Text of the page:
Sebastian Aho (Carolina Hurricanes) with a Shorthanded Goal vs. Florida Panthers, 04/22/2021
Stocks reversed lower on President Biden's capital gains tax hike plan. Bitcoin, Intel, Snap and Skyworks moved late.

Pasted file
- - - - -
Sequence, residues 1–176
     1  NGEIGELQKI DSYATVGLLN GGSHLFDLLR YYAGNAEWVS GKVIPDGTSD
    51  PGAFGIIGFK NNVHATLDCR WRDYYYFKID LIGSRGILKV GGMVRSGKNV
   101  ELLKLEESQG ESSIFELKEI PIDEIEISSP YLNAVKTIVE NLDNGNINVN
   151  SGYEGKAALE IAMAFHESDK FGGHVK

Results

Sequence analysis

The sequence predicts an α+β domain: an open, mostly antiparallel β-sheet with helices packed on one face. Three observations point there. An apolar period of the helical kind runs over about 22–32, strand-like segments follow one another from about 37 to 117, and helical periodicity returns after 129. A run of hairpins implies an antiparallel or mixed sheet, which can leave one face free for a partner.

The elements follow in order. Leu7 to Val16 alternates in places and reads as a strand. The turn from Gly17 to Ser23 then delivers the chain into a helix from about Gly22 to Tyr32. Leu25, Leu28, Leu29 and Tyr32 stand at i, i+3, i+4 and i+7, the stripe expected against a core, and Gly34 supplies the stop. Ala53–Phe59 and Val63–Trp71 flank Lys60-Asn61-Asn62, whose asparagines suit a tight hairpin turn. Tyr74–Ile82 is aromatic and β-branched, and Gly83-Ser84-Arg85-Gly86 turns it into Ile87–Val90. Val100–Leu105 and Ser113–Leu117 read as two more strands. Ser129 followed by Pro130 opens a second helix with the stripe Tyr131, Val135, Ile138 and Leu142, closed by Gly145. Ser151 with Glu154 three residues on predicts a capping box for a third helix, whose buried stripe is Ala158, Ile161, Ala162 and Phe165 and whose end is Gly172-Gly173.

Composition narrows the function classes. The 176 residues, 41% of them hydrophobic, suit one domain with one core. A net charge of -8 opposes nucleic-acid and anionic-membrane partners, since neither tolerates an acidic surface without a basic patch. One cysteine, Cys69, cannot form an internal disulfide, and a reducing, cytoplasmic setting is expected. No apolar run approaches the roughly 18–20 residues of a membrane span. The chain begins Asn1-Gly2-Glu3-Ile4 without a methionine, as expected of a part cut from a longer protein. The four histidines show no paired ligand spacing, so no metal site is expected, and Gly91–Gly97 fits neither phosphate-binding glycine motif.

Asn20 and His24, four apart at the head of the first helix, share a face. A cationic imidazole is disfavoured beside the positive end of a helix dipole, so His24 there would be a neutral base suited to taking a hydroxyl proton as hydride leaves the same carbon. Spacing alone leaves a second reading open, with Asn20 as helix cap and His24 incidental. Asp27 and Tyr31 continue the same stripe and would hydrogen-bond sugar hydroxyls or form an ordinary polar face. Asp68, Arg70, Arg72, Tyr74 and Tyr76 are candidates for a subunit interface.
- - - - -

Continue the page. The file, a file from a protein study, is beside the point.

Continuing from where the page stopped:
Data: Brennan Center for Justice at NYU Law; Cartogram: Michelle McGhee/AxiosGeorgia is not alone in passing a law adding voting restrictions, but other states are seeing a surge in provisions and proposals that would expand access to the polls, according to data from the Brennan Center for Justice.Driving the news: Just Wednesday, the New York State Assembly passed a bill to restore voting rights to convicted felons who have been released from prison.Get market news worthy of your time with Axios Markets. Subscribe for free.The number of restrictive voting bills matches or exceeds the number of expansive ones in several key battleground states like Georgia, Pennsylvania, North Carolina, Michigan, Arizona and Wisconsin.Changes to the voting process could make the biggest difference in states with close elections.By the numbers: There were 361 state bills as of April 1 that could make it more difficult for some people to vote being considered across states, the Brennan Center data showed.Five have been enacted, and 55 have had some kind of committee action or passed at least one chamber.Most of the bills would limit the use of absentee voting, while others would impose stricter voter ID requirements.843 bills with provisions that would expand voting access have popped up across states. Nine have been enacted and 112 have had some movement through legislatures.While some states are moving to limit absentee voting, others are moving to expand access to it.More from Axios: Sign up to get the latest market trends with Axios Markets. Subscribe for free